“At MWI, we do organise events for the clients but it is not the same. It’s location, it’s transport, staffing … a host of things, you can’t get the same level of community integration.”

Mr Swan said he believed it will take a generation to remove the stigma that exists in Bermuda against people with mental illness.

He added: “We want to get the public to view physical and mental health very similarly.

“We don’t turn away when we see someone walking down the road with a broken leg or arm. If someone is having a mental health episode, it’s OK; this person may need to get some intervention.

“We definitely view it differently and it’s going to take a generational change where the children coming up are exposed at an early stage and understand that mental health is as important as physical health.

“We are going to be doing a lot more education including around how the community has a role to play.

“I think it will take a generation to truly understand it; there is nothing to be afraid of. I think there is an opportunity for the younger generation.”

Ms Ebanks said that after clients were settled, members of the community will be invited to visit them.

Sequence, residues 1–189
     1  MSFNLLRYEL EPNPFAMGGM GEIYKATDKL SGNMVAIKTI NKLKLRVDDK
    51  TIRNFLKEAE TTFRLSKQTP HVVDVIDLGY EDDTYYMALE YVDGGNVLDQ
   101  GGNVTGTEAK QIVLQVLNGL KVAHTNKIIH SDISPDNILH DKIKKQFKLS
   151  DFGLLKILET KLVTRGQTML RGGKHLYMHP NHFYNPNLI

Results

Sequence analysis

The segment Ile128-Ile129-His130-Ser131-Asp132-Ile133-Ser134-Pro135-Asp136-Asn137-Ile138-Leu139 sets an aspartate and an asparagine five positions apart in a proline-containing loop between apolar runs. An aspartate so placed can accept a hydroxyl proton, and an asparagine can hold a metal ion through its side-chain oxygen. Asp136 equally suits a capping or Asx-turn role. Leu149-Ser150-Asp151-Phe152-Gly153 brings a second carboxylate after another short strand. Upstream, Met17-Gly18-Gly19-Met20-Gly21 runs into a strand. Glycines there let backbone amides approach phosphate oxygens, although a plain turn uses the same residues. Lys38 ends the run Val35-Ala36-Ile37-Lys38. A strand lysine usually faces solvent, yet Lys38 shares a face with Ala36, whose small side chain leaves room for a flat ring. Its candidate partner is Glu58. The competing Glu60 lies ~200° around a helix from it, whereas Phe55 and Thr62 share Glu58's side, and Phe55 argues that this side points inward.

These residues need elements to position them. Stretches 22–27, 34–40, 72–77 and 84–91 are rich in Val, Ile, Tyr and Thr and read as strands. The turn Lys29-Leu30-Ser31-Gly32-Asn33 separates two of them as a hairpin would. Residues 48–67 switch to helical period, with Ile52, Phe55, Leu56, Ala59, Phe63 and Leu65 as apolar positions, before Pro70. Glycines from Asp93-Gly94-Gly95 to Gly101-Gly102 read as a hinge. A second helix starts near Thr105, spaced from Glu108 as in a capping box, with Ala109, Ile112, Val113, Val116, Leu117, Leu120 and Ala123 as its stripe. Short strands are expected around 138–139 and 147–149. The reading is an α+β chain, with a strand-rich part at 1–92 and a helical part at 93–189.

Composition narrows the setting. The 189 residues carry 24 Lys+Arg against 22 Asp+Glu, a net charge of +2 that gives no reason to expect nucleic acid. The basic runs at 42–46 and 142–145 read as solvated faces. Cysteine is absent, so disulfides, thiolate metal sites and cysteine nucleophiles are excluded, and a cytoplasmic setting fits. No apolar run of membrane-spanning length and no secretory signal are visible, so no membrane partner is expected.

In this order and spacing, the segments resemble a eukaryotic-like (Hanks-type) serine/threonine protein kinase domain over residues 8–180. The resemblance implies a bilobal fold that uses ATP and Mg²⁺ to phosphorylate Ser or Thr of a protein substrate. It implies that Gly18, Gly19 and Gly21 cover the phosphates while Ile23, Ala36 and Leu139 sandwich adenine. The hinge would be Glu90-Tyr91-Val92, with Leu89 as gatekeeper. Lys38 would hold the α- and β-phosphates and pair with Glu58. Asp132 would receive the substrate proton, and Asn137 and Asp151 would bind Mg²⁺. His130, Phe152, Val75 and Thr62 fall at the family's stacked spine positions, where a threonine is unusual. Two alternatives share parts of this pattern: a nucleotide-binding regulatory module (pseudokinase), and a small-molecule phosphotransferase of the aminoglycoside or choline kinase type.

She said: “This idea of the stigma, it’s what you are perceiving or what someone told you but when you meet with them, sit with them, have conversations and get to know them, you realise they are just like us and we want them to be included.”

The relocation of clients from MWI to Tarheel House and to Bridge House is part of a wider move to integrate mental health clients into the community.

The Mid-Atlantic Wellness Institute (File photograph)

It is expected that in about ten years, MWI will close.

Mr Swan said: “It will take major financing, a master estate plan for BHB in terms of all the properties and a plan for how we want the services to amalgamate.”

He said once the clients were settled into Bridge House, the BHB will put out feelers for another community-based location to house more clients from the 75-bed facility at MWI. With the latest developments, MWI is down to accommodating 54 clients.

“It is not going to happen really quickly but we will let the interested parties know that this is what we want to do,” Mr Swan said. “We know that it doesn’t end with Bridge House.

“We are also looking at this for our outpatient settings. It is all part of that plan to move service away from the building.

“We will always need acute services. When we talk about MWI closing, acute services will always be required. We have Somers and Somers Annex; we will have to decide where those wards will go.

“If they move out of that facility there will have to be a purpose-built facility for them and not likely in the community but likely connected with acute services that we have at the hospital.”

The male and female clients at Bridge House will benefit from 24-hour staffing with a nurse and one or two community support workers on each shift.

Ms Ebanks added: “We are bringing the care to the people.”

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Published June 18, 2024 at 7:58 am (Updated June 18, 2024 at 7:38 am)

Community-based care helping to reduce mental health stigma